During the Cold War, Washington’s foreign policy establishment operated comfortable in the knowledge that sizeable majorities supported vigorous American global leadership in the struggle with the Soviet Union. More recently, however, many observers have started worrying about the growing disconnect between the Washington’s elites and the public. The scholar Walter Russell Mead argued in a recent Wall Street Journal opinion piece that the most important question in world politics today is “Will U.S. public opinion continue to support an active and strategically focused foreign policy?
The answer is a qualified yes. Americans on balance remain committed to international engagement but advocates of the status quo are right to worry because Americans increasingly disagree with Washington about how to engage the world.
Americans are not isolationists. As the 2018 Chicago Council on Global Affairs revealed, 70% of Americans want the United States to take an “active part” in world affairs. But the more important question is what does an “active part” really mean? A recent study by the Eurasia Group Foundation, for example, found that 47% of elites subscribe to the “indispensable nation” vision for foreign policy, which calls on the United States to maintain overwhelming military superiority and continue intensive efforts to manage world order, while just 9% supported a more restrained vision of foreign policy. The same study, however, found public preferences to be the reverse of elites: 44% supported a more restrained approach to foreign policy and just 10% supported the indispensable nation approach.
Looking deeper, despite all the nostalgia for the Cold War consensus, there have always been important differences between the public and elites when it comes to foreign affairs. Academic analysis of decades of survey data has identified a stable set of attitude gaps between the public and their leaders. Moreover, while many of the gaps are quite large – often in the range of 30 percentage points or more – the gaps between Republican and Democratic leaders on the key issues are quite small – typically just a few percentage points.
Elites are far more likely to view globalization and international trade positively, for example, while the public is are more likely to express support for focusing on domestic affairs over foreign affairs. A 2017 Chicago Council on Global Affairs study found that 90% of Republican leaders and 94% of Democratic leaders believe globalization and trade are “mostly good” for the United States, while the figures hover around 60% for the public.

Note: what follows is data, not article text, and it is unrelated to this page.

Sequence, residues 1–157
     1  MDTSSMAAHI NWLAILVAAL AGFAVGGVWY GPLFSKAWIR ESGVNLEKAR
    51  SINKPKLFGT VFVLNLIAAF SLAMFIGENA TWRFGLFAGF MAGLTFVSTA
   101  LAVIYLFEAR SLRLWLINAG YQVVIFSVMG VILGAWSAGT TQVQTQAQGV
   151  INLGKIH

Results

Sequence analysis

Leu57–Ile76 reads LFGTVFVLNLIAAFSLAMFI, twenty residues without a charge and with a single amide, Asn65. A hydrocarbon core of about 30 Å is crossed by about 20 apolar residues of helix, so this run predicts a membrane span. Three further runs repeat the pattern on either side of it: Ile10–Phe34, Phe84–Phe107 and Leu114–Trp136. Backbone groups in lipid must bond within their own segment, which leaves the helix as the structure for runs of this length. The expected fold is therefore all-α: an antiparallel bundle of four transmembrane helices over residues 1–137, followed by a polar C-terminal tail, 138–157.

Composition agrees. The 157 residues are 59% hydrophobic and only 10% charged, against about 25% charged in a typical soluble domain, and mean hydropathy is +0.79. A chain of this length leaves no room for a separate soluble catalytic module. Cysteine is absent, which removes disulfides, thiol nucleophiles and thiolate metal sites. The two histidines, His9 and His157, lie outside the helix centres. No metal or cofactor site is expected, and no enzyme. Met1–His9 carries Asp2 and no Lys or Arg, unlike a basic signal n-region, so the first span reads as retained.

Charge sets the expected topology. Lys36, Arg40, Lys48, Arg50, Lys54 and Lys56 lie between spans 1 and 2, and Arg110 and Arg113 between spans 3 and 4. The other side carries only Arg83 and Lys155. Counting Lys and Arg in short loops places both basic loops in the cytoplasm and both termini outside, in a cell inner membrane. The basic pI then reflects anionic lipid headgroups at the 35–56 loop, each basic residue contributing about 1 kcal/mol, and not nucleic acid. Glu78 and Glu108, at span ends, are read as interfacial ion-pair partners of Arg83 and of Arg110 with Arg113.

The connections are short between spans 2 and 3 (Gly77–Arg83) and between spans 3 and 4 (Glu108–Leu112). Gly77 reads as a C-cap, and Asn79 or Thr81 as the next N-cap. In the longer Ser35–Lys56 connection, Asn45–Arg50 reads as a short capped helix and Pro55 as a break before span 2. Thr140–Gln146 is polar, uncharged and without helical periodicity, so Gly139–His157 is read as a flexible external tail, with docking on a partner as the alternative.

The same study shows that the public, on the other hand, is more sensitive than elites to perceived threats to the economy and to the homeland. Seventy-eight percent of Republicans and 74% of Democrats think protecting American jobs should be a “very important” foreign policy goal, compared to just 25% of Republican leaders and 37% of Democratic leaders. Meanwhile 27% of Democrats, 40% of Independents, and 67% of Republicans view “large numbers of immigrants and refugees coming into the U.S.” as a critical threat in the next 10 years, compared to just 5% of Democratic leaders and 19% of Republican leaders.
Finally, though it depends on the scenario, the public has always been more hesitant about the use of military force abroad than elites. In the Eurasia Group Foundation study, for example, 95% of foreign policy experts would support using military force if Russia invaded Estonia, a NATO ally, compared to just 54.2% of the public. The 2017 Chicago Council on Global Affairs survey similarly found that 64% of Democratic leaders and 71% of Republican leaders think that defending allies’ security should be a very important foreign policy goal for the United States compared to 36% of Republicans and 37% of Democrats generally.
But despite the size and stability of the gaps between elites and the public, Washington has not budged. Defenders of the status quo tend to view the public as too inattentive and too ignorant to form meaningful opinions about foreign policy. From this view, public support might be important from a political perspective, but the content of people’s actual opinions is not. The task for Washington today, according to this camp, is to reframe existing foreign policy in a manner that shores up public support for the elite consensus.
This obstinance might be defensible were the United States not a democracy or if the American track record on foreign policy were more glorious. As it happens, the track record of American foreign policy is far from glorious and recent surveys thus reveal entirely sensible reactions to our failures. Instead of wringing its collective hands about the fragility of public support, Washington needs to wake up and start taking public opinion seriously. No one will confuse the average American with a foreign policy expert, but given America’s history and current situation, public preferences are stable, clear, and prudent. The American public wants a less ambitious and less aggressive foreign policy than the United States has pursued since the end of the Cold War, and especially over the past 18 years. The task for Washington today is to embrace these attitudes and create a new foreign policy worthy of public support.